The Weekly Roundup: 1.22.2010

Lawless But Loved
I’m such a sucker for an underdog, a rebel. It’s hard for me to not overly romanticize characters like Robin Hood, Billy the Kid, Clyde Barrow, and Che Guevara, despite their violent and dangerous natures. Now I’ve got a new larger-than-life person to add to that list: Colton Harris-Moore. Colton is a teenage bandit from an island off the coast of Washington, who has been on the lam for almost two years now. Allegedly, he has stolen planes, and successfully operated them with no training. This week NPR covered not just the bandit, but also his growing popularity as a cultural icon. Apparently, I’m not the only one enamored with this outlaw. With songs written about him, t-shirts featuring his face, and fan clubs of teen girls, Colton is well on his way to being a larger-than-life legend, and a post-modern part of the American folk tradition.
At Large: Teen Bandit. Even Larger: His Legend. by Vanessa Romo

All Songs Considered Responses
Some big and little questions have been posed on the All Songs Considered blog recently, and I am compelled to respond.
Q: Your Life In An Album Title by Robin Hilton
A: My initial reactionary answer to this was The Devil and God Are Raging Inside Me, the third album by Brand New, but that was swiftly followed by dismay. It just sounded so dramatic and pretentious. Now, all week I’ve been trying to think of a better answer, but I can’t. The Devil and God Are Raging Inside Me is my life in an album title. What's yours?
Q: Is It Too Easy To Make Music? by Will Butler
A: When we restrict the abilities and means to make culture we end up with cultural elitism and censorship, which can be utilized by dominant classes to control the sociocultural milieu of a society, and consequently the beliefs and behaviors of the people. However, music recording software and the internet have allowed for a massive proliferation of music that seems to be made with little care, effort, or appreciation. Something I’ve really internalized recently is that things you really have to work for often mean more to you. Maybe analog methods of recording mean more than digital methods, because they are more difficult. Maybe I’ve descended to a new level of music snobbery.

Temples In The Sky
The BBC has a spectacular audio slideshow available on the Jain religion. The photos are breathtaking, and the narration offers an explanatory glimpse in to the Jain Temples. At less than four minutes long, it is more than worth your time to check it out. Personally, Jainism has appealed to me for its emphasis on nonviolence, and its pantheistic overtones.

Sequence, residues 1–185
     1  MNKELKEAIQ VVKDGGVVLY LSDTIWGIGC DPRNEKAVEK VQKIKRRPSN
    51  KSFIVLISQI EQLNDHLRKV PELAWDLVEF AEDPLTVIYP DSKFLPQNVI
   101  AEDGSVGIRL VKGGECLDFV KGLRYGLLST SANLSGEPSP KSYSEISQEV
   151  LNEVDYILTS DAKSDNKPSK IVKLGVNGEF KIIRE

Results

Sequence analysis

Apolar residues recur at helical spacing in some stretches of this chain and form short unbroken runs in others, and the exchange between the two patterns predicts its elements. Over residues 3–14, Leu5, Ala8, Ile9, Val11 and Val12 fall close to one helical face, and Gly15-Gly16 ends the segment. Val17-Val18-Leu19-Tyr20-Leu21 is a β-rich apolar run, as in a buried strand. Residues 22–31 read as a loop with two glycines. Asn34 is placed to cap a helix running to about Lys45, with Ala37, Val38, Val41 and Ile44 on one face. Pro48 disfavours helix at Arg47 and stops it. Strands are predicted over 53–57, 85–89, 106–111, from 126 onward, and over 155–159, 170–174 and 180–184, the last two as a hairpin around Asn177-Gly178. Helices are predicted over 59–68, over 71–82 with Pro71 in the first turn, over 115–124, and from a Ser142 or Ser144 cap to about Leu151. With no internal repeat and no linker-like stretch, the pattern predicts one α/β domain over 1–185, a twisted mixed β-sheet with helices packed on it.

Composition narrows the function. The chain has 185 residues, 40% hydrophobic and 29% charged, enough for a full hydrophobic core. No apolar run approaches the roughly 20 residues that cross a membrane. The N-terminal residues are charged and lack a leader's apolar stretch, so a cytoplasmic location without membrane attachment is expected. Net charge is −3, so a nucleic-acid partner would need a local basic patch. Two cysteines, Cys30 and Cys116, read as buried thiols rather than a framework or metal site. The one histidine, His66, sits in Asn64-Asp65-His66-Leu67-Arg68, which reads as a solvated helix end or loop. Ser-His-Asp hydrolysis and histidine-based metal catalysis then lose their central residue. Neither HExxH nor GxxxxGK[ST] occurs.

Audio slideshow: Temples in the sky by Sanjoy Majumder, Bhasker Solanki and Paul Kerley

Ladies Rock Camp
Girls Rock Philly is a developing nonprofit in Philadelphia that seeks to empower women with the power of rock. They host camps and workshops to help women come together and make music, and to teach girls to rock. Their next event is a Ladies Rock Camp the weekend of Valentine’s. Long live, RIOT GRRRLS!!!

Urban Nature 2009
Naoko Ito makes art that really quantifies my perception of Japan. Traditional Japanese culture is so rooted in nature and simplicity, yet modern Japanese culture is about gadgets, plastic, and lights. Somehow both seem to exist harmoniously and simultaneously in present day Japan. It’s not too uncommon for a hundred year old Shinto temple can be on the same street as an arcade, and both seem to be equally popular. Ito’s pieces interpret this fascinating dichotomy.

Untitled (2009)

First Listen: Teen Dream
NPR Music offers some mad sweetness with their Exclusive First Listen series that offers free streams of entire albums during the week before the release date. Right now they are streaming the new album from Beach House, Teen Dream, in its entirety for free. No lie. It's a quality listen, and I especially like the last track, Take Care. Listen now, because on January 26th when the album releases it will no longer be available. *For more of my ramblings on Beach House please refer to Tuesday Is For Tunes: Beach House.
First Listen: Beach House, 'Teen Dream' by Michael Katzif

Crazy Vegan Folk Cake
Recipes, like folk stories, are often handed down orally. They better, easier, and crazier they more staying power they have. The LA Times featured the history and recipe of a cake this week called crazy cake. There are hundreds of variations of this cake that all seem to come from an original recipe, possibly dating from at least to WWII. The recipe is unusual, but the basic version is vegan. I haven't had a chance to make it yet, but it looks mouthwatering. I'm all kinds of excited for this cake.
Mad for crazy cake by Emily Dwass
Recipe: Poppy seed crazy cake

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